The Rhode Island International Film Festival and the Nantucket Film Festival both partnered with filmBUZZ in 2003. While I do not have access to Nantucket’s Official End-Festival Report, I do have Rhode Island’s. The results were not just fascinating, but in many ways unexpected.

Before discussing the assessment, it is important to first highlight the dynamics of the festival “circuit,” from the economics to a profile of its consumers.

According to the filmBUZZ research, an estimated $89MM flows through US-based film festivals in actual cash spending, while another $55MM is made available through in-kind merchandise and services. On average, 46.5 feature-length films are screened at a festival, and filmBUZZ has estimated that as many as 13,000 unique feature films are shown each year in the United States.

Now here’s a unique little fact: Festivals receive the bulk of their annual operating budgets from corporate sponsors. On average, a film festival receives $99,500 from corporate entities. Ticket sales ($58,000), non-profit foundations ($51,000), individual/company donations ($38,000), and local government grants ($24,000) represent the other common sources of income. The primary uses of festival revenue are staffing ($65,000), events/parties ($20,500), and exhibition space ($15,500).

Then there there’s the non-cash side. As largely non-profit entities, festivals also receive a large amount of in-kind sponsorship. With approximately 91% receiving some form of in-kind sponsorship, the average dollar value of in-kind sponsors is more than $150,000 per year. What were these in-kind services?

The most common sponsorships include web design (74%), marketing services (69%), TV/Radio ad production (67%), projection/video services (64%), exhibition/theater space (62%), and food/beverage (62%). Additionally, add in car rentals, travel (air or train), and lodging, and you have a major part of your service needs covered.

For those involved with economic development, filmBUZZ discovered some potent statistics that reinforce the impact of the festivals on a local community. First, they found that over the course of a year, approximately 2 Million people will attend a film festival across the United States. Additionally, a festival on average fills 11,900 seats throughout the duration of its usual run.
As for the film screenings, audience members will see approximately 2 films while at the festival.

filmBUZZ found that film festival audience members were far more frequent filmgoers than average audiences, and they were both highly educated, and well-informed. They were also active, dedicated independent filmgoers both in and out of the festival environment.


So how do these national statistics compare with Rhode Island? Where does the Rhode Island International Film Festival stack up with Newport Beach, San Diego, Nantucket and others? Not too far off, actually.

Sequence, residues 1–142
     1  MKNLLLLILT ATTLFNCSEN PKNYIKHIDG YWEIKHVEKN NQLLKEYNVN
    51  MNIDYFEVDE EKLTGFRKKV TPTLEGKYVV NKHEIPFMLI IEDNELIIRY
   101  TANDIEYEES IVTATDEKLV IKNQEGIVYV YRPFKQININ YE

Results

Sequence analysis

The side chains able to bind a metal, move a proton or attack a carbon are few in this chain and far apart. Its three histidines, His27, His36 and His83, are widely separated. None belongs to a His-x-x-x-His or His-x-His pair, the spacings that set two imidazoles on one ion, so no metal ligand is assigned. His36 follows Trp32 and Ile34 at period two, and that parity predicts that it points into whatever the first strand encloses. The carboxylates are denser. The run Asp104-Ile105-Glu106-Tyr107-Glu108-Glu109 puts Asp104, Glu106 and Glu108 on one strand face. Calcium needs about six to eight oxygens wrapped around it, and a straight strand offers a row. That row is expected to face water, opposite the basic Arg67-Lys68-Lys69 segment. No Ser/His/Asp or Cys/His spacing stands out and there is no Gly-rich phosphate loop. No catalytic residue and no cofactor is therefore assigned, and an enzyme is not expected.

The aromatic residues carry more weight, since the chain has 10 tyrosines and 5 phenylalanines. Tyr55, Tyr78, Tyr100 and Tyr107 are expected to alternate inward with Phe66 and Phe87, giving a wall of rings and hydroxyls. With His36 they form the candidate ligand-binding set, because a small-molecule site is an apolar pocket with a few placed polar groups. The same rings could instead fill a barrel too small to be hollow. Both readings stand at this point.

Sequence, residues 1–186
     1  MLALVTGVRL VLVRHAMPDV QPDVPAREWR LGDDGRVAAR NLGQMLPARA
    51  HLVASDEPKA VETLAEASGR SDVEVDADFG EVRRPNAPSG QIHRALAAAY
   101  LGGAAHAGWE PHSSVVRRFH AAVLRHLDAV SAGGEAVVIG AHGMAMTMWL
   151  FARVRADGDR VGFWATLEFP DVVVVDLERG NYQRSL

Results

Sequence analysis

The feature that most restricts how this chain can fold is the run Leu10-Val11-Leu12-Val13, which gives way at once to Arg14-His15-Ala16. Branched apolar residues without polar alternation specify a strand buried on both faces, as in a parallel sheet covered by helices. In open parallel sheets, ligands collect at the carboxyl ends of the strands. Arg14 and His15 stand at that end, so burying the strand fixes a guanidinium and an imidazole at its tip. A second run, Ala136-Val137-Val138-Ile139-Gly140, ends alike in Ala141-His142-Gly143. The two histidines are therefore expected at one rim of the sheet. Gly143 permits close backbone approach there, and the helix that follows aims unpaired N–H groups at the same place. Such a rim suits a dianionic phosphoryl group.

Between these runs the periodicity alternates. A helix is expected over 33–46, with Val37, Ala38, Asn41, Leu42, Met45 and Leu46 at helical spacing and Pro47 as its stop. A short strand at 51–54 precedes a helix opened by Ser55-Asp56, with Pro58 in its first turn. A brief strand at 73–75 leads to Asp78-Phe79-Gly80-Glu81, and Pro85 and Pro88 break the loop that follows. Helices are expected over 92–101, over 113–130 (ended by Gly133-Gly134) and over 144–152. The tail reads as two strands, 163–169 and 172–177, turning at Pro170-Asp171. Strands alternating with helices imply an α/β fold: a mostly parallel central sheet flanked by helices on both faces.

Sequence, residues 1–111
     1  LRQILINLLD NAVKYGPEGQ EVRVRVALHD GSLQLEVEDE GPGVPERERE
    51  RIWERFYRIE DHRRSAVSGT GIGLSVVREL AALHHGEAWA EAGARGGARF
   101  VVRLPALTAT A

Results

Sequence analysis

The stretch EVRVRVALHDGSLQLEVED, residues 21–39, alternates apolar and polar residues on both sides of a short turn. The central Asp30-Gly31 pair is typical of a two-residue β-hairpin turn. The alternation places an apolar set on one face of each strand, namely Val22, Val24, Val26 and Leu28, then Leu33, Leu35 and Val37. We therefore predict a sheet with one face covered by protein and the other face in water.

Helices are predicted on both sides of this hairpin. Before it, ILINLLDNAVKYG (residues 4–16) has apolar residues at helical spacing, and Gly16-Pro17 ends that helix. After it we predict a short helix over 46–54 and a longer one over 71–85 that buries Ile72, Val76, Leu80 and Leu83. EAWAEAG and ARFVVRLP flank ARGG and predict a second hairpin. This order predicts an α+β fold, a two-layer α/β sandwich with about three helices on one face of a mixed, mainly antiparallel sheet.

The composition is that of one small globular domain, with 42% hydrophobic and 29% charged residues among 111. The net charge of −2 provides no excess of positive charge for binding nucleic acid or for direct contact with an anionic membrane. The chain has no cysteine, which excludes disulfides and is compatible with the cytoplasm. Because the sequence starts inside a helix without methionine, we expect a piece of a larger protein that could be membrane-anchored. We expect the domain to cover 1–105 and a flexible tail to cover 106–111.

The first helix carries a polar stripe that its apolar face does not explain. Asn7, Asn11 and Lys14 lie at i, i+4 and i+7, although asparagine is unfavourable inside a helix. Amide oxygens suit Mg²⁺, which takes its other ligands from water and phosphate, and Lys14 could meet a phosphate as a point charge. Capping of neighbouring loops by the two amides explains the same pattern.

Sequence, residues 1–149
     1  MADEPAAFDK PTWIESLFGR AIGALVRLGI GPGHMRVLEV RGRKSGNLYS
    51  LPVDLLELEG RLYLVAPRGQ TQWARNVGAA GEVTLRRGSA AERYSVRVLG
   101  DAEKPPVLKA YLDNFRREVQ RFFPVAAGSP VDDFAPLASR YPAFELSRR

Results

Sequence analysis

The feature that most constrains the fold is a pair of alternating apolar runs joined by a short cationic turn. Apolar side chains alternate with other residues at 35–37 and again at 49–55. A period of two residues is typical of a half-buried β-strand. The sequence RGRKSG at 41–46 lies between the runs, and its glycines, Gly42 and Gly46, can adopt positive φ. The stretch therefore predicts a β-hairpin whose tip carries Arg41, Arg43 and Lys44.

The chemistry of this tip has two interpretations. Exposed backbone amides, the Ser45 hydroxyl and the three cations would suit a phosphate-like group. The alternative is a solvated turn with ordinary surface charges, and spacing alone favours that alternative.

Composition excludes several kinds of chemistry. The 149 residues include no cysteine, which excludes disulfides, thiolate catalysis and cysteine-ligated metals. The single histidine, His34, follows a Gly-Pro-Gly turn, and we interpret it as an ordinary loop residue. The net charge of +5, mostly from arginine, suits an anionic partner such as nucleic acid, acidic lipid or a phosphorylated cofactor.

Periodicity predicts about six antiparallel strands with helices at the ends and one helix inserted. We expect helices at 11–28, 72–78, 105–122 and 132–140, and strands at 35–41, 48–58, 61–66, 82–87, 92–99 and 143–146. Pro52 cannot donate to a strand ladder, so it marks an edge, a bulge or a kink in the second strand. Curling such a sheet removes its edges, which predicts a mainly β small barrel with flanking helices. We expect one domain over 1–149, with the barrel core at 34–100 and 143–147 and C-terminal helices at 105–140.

At the Rhode Island International Film Festival audience representation was predominantly female and middle class. (It is, however, important to note that this was based on 1,041 audience members completing a two-page filmBUZZ survey out of 17,682 attendees throughout the festival.)

RIIFF demographic characteristics included:
• 56% of audience members had a household income of $50,000 or higher

• 59% were female; 41% were male

• Audience members came from a variety of educational backgrounds with 47% possessing a 4-year degree or higher and another 41% possessing an associates degree or some college education.

How did people learn about the festival?

• Attendance of RIIFF was largely driven by publicity and word of mouth.

• Nearly half of RIIFF attendees heard about the festival through newspaper or magazine articles. Another 30% heard about the festival through friends.

• and of singular importance for local artists, attendance at the festival was largely represented by local residents.

• Eighty percent of audience members had a home or seasonal residence in the local Providence area.

And what of the quality if the films themselves?

• The average BUZZ Score at this festival was 75.6 and the average overall rating (on a 1 to 10 scale) for a film was 8.2. Documentaries represented nine of the top 10 films at the 2003 festival.

flmBUZZ found that festivals are precisely where the core film-going audience is located. Festival attendees are not simply casual filmgoers; they are dedicated film lovers. They are the people who will generate buzz for a film they support, and they can make or break the local success of a platform release. They also learned that

• The mean annual operating budget of a film festival is nearly one-quarter of a million dollars. Furthermore, another 91% of festivals receive in-kind sponsorship services donated on top of cash expenditures. These in-kind sponsorships average more than $150,000 in value.

• The average film festival will fill nearly 12,000 seats over the course of the festival. Of these viewers, fewer than 9% know someone involved in the film they came to see.

• Festivals make the bulk of their income from corporate cash sponsorships. With a mean of nearly $100,000 annually per festival, the average total corporate sponsorship cash commitment is more than $40,000 higher than ticket sale proceeds, the second highest revenue source.

But the really big news was that new film product can be discovered outside the traditional acquisition circuit, such as Sundance, Toronto, or Cannes. Many of filmBUZZ’s top 2003 films were discovered by distributors after playing successfully to regional film festival audiences. In Rhode Island that included “Unknown Soldier,” “Bonhoeffer,” “Robot Stories,” “Zero Day,” and the short animated film “Destino” which went on to an Academy Award nomination.

As the recognition of the value of the film festival “circuit” takes hold within the mainstream industry, you can rest assured that it will have an impact on the product screened, funding resources, and filmmaker access. It remains to be seen how the festivals themselves will evolve to meet the upcoming challenges; of which there will be many. Perhaps the territorialism will finally morph into something that provides a more mature and efficacious policy of mutual collaboration. Only time will tell.If you want to find out more about filmBUZZ, and its services for filmmakers, not just festivals, visit their web site at www.filmBUZZmarketing.com.



About the Author:
George T. Marshall is the Producing Director of the Rhode Island-based Flickers Arts Collaborative, the creators of the annual Rhode Island International Film Festival for which he also serves as Executive Director. He teaches film and communications at Rhode Island College and speech communications and documentary film at Roger Williams University. He is a director, writer, producer of commercials and industrials for numerous business clients in the region and is currently completing the multi-media components for a museum exhibit saluting American veterans in Woonsocket, RI. He can be reached at <flicksart@aol.com>